Research

Research

Before we set out on these imple­men­ta­tion projects, we spent con­sid­er­able time research­ing what has been tried before and spent time in Africa, speak­ing to poten­tial users, find­ing out what is impor­tant to them, what is need­ed most (in con­trast with what would be nice to have, not not required). Some of the things we found:

  • In remote areas, we can­not depend on local IT sup­port being avail­able. Typ­i­cal school con­fig­u­ra­tions with a local serv­er and wired work­sta­tions, although use­ful for a small num­ber of com­mu­ni­ties are not fea­si­ble either for instal­la­tion (each loca­tion would take sev­er­al days to weeks to install) or sup­port (they would require sup­port staff to trav­el to the schools).
  • We can­not require local deliv­ery to each loca­tion on a reg­u­lar basis (like sup­plies, fuel, etc.)
  • Remote areas can be very dif­fi­cult to get to, some­times requir­ing deliv­ery via heli­copter or boat (in those cas­es, the weight of the entire sys­tem is important)
  • Con­struc­tion meth­ods vary great­ly between loca­tions. What we install must work (as far as pos­si­ble) under exist­ing con­di­tions and not require addi­tion­al con­struc­tion. Most schools we have vis­it­ed have smooth floors and pro­tec­tion from rain, but there are many that only have dirt floors and less than opti­mal pro­tec­tion from rain.
  • Inter­net access via land­lines is not typ­i­cal­ly avail­able to schools, but 3G wire­less is avail­able to most (with the help of a range exten­der antenna)
  • In most parts of Africa, exces­sive heat will be an issue, espe­cial­ly if elec­tron­ic prod­ucts gen­er­ate sig­nif­i­cant lev­els of heat. We address this by select­ing equip­ment for deploy­ment that gen­er­ates the least heat and com­plete­ly elim­i­nate the high­est heat-cre­at­ing com­po­nents (such as invert­ers in a solar ener­gy solution).

We have spent a con­sid­er­able amount of time find­ing ways to decrease the cost/installation with­out reduc­ing qual­i­ty of the equip­ment to be used by stu­dents, the qual­i­ty of the edu­ca­tion deliv­ered or the reli­a­bil­i­ty of the sys­tem. Some of the steps we’ve tak­en include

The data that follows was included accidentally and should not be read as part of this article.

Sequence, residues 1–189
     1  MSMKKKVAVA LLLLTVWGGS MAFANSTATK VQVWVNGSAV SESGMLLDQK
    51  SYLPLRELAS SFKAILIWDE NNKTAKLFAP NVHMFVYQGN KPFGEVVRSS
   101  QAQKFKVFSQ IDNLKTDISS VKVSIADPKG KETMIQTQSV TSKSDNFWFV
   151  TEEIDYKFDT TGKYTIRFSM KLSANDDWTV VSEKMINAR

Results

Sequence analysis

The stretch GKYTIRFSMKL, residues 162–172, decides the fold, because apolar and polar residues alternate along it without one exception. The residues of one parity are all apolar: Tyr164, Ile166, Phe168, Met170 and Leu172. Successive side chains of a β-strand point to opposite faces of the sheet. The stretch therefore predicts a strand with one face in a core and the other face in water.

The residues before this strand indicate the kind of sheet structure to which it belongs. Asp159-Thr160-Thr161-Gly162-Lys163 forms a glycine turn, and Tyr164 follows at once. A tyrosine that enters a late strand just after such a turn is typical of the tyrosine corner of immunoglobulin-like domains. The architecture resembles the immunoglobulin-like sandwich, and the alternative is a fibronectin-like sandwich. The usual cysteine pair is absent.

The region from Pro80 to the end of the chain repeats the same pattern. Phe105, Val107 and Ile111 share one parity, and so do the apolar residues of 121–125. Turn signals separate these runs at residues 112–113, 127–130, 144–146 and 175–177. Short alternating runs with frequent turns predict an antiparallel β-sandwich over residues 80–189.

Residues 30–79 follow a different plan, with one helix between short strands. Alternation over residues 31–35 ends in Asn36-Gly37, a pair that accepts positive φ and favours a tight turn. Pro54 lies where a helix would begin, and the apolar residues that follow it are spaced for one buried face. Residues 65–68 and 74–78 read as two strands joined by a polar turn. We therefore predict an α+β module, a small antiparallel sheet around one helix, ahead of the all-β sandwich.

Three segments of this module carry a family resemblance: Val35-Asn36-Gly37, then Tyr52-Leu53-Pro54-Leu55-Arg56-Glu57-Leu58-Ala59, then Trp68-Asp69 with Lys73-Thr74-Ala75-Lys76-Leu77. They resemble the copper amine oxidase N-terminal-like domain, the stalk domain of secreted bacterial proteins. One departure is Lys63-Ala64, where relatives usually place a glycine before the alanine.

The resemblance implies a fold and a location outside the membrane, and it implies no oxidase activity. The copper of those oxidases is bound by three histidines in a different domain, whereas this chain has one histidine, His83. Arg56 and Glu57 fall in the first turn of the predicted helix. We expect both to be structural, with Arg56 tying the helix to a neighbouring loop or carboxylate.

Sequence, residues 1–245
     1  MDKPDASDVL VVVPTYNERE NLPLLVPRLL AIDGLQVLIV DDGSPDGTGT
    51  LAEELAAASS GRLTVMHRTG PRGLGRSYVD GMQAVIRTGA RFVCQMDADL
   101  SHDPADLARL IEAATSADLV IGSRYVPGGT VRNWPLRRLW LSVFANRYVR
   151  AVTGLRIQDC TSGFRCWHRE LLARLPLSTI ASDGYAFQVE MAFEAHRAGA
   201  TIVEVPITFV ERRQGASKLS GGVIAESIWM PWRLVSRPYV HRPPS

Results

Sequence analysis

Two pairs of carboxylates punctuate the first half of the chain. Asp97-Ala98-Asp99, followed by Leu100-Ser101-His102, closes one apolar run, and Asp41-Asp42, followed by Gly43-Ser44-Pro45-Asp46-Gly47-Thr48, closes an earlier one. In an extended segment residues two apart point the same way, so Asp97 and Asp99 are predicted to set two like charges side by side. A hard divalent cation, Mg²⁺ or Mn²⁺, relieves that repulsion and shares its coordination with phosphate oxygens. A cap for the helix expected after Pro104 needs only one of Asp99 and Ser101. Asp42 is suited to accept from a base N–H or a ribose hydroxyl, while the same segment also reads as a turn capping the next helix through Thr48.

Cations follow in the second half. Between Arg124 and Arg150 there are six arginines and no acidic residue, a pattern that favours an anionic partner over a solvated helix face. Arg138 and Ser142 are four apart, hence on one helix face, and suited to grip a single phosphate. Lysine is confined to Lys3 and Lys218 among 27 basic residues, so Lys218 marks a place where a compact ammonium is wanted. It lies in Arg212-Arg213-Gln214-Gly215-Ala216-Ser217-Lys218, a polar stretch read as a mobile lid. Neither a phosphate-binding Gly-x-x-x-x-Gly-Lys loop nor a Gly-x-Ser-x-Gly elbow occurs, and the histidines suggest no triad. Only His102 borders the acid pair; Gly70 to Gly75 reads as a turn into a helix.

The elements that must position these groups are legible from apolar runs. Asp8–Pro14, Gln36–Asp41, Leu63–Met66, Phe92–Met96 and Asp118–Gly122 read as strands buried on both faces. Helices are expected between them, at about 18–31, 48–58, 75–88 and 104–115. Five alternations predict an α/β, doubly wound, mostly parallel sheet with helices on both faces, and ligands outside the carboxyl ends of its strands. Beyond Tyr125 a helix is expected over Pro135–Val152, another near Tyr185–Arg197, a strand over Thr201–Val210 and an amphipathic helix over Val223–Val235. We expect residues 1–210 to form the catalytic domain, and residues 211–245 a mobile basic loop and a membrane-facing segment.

• All soft­ware deployed to the class­rooms will be avail­able through a coun­try-wide pri­vate cloud, includ­ing Stu­dent Infor­ma­tion man­age­ment and online learn­ing. This allows us to: 
    • Man­age every lap­top from a cen­tral location,
    • Deploy new soft­ware, make sure all win­dows and sys­tem updates are performed,
    • Mon­i­tor the health of note­book com­put­ers in class­rooms. This is done through our AI-based Dex­ter­i­ty™ prod­uct that con­tin­u­al­ly mon­i­tors the health of every note­book com­put­er and reports it back to a cen­tral loca­tion for mon­i­tor­ing and prob­lem remediation
    • Store stu­dent home direc­to­ries in a cen­tral loca­tion, so that their files will be avail­able on any note­book com­put­er in the net­work (once the stu­dent has logged in)
    • Con­tin­u­al­ly add to the site’s con­tent with­out requir­ing us to send some­thing to each school.
  • As part of this project we will deploy all new, stan­dard­ized equip­ment that has been ruggedi­zed (a note­book com­put­er can be dropped from 100cm onto a con­crete floor with­out dam­age, can have a bot­tle of water poured into it with­out harm, is dust resis­tant with key­caps that are not remov­able). These should last for many years under dai­ly use with­out requir­ing main­te­nance (oth­er than clean­ing) or repair.
  • All oth­er equip­ment installed will either be espe­cial­ly mod­i­fied to meet a rur­al African envi­ron­ment or will be high-qual­i­ty so that they will last a long time with­out need­ing main­te­nance or repair.
Visual Software, Inc.